Room 608

Expectations

What about Zoom?

  • I will send Invite notices on Sunday Nights for the upcoming week.
  • Log onto Zoom with the link and password provided (new each week).
  • Find Zoom links in Google Classroom in the stream.
  • Get out of bed, and sit in a chair before joining us.
  • As much as possible, use Zoom in a room where you are by yourself. Pets and toddlers should not wander onto your lap while we're working.
  • When students log on, by default you are placed in a virtual “Waiting Room”.
  • Wait in the Waiting Room until I admit you.
  • I admit each student to the Zoom Room when the class begins.
  • I must be able to see your First and Last Name or I will not admit you.
  • I will not admit students who are not on my roster.
  • Arrive in the Waiting Room three minutes prior to the start of class .
  • If you cannot log on, check that you are using this week's Zoom link, and then send a note to the Stream in Google Classroom (GC).
  • Set your video camera to “ON”. (This is required. I need to see your face in order to know you are there.
  • I reserve the right to remove you from the room if your video camera is not ON or you misbehave.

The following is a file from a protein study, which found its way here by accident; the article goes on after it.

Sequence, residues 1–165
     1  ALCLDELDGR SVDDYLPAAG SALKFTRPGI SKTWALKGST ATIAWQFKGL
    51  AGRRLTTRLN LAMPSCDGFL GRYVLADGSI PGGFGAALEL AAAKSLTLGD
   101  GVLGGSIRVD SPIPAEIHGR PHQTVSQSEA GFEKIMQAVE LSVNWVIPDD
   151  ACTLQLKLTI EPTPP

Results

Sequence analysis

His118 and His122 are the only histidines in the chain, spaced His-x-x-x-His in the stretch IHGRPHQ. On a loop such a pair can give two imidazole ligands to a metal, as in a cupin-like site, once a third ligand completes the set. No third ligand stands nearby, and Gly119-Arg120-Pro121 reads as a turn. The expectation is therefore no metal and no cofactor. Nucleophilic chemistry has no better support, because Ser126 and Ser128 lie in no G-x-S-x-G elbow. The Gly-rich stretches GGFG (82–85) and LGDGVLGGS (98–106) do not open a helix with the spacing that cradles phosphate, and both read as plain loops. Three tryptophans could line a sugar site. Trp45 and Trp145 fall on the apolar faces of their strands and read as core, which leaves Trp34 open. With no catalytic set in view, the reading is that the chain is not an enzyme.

• Set your microphone to “MUTE” (if you have earbuds/headset with a microphone, use them).
  • Pressing the Space Bar on your keyboard will temporarily unmute you, so you can ask or answer questions.
  • Sit with your back against a wall (to eliminate visual distractions).
  • Have a light on in front of you. This will improve your visibility on screen while in class.

Math students

My most important expectation for you this year is something that you've been working on since you started school: To learn how to learn math. This is a big topic, which we will talk about this year.

A few simple things you can start with:

  • Keep a spiral notebook. Begin each day's notes on a new right-hand page, with your name and the date in the top-right corner.
  • Use scratch paper. Keep it nearby. In my classroom, I have about a hundred pounds (literally) of scratch paper at the beginning of the year.
  • Use a pencil and an eraser, along with a ruler or other straightedge.
  • Give yourself permission to make mistakes. Our musicians and athletes know they didn't master their craft by doing it right the first time.
  • Know what you do and do not know. Name the things you know, and know how you know them. Name the things you do not know, and find ways to move from not knowing to knowing.